After a $900-million investment, VW's factory in Tennessee is ready to kick off series production of the 2018 Atlas.
VW calls it the “boldest vehicle ever sold by the brand in America,” although one designer part of the team doesn’t agree with that statement. The seven-seat SUV is the biggest MQB-based model ever and will effectively go on sale next spring at a starting price that will undercut the more luxurious $49,495 Touareg.
Series production has kicked off this week at VoA’s Chattanooga factory where the U.S.-spec Passat also comes to life. To get the plant ready for the Atlas’ arrival, VW has invested a total of $900 million to boost the facility’s footprint by more than 665,000 ft2, which is an increase of 26 percent in production space. In addition, the workforce has been extended by 400 to 2,800 employees, with the company saying more people are going to be hired in the near future once production of the Atlas will ramp up.
VW through the voice of Hinrich J. Woebcken, CEO of the North America Region reiterates the Atlas has been designed for United States and is glad the large SUV is being built locally. As a reminder, it will also be assembled in China starting next year to cater the local market where the model is going to be known as “Teramont.” VW has already announced plans to introduce a diesel-powered Atlas in Russia at some point in 2017 and is considering other European markets as well.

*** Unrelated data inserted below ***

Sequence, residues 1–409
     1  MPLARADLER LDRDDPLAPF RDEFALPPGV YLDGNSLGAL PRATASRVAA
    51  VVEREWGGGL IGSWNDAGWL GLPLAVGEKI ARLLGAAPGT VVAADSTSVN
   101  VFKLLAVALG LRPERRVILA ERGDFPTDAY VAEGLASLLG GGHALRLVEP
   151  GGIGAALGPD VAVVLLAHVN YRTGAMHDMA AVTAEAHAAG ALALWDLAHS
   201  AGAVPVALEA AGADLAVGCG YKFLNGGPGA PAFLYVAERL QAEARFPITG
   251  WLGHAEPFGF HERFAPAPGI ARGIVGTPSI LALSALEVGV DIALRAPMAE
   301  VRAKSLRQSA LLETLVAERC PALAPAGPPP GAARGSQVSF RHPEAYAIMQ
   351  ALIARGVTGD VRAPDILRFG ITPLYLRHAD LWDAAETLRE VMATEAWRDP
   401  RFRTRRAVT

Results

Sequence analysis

For obvious reasons, VW won’t offer the U.S.-spec model with a TDI engine, so customers will have to go with one of the two gasoline units. The entry-level is a turbocharged 2.0-liter TSI with 238 horsepower (177 kilowatts) while the beefier mill is a naturally-aspirated 3.6-liter V6 churning 280 hp (208 kW). Both engines are hooked up to an eight-speed automatic transmission, but only the six-cylinder can be optionally combined with VW’s all-wheel-drive 4Motion.
Should you find the Atlas too big for your needs, VoA is putting the finishing touches on a smaller seven-seat SUV. A three-row Tiguan has been spotted without any camouflage some months ago, so an official reveal should be right around the corner. Unlike the Atlas, it won't have the "Made in U.S.A." label since the long-wheelbase Tiguan will be assembled in Puebla, Mexico.